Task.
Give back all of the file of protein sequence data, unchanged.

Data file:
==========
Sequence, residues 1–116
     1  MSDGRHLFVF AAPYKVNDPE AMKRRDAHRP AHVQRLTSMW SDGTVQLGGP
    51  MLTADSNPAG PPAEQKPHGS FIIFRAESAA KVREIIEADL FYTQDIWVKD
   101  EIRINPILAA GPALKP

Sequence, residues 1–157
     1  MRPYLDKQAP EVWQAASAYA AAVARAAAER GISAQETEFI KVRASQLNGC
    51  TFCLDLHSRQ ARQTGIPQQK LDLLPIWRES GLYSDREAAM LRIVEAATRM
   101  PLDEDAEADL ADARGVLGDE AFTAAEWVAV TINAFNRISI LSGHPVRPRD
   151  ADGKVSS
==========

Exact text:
Sequence, residues 1–116
     1  MSDGRHLFVF AAPYKVNDPE AMKRRDAHRP AHVQRLTSMW SDGTVQLGGP
    51  MLTADSNPAG PPAEQKPHGS FIIFRAESAA KVREIIEADL FYTQDIWVKD
   101  EIRINPILAA GPALKP

Sequence, residues 1–157
     1  MRPYLDKQAP EVWQAASAYA AAVARAAAER GISAQETEFI KVRASQLNGC
    51  TFCLDLHSRQ ARQTGIPQQK LDLLPIWRES GLYSDREAAM LRIVEAATRM
   101  PLDEDAEADL ADARGVLGDE AFTAAEWVAV TINAFNRISI LSGHPVRPRD
   151  ADGKVSS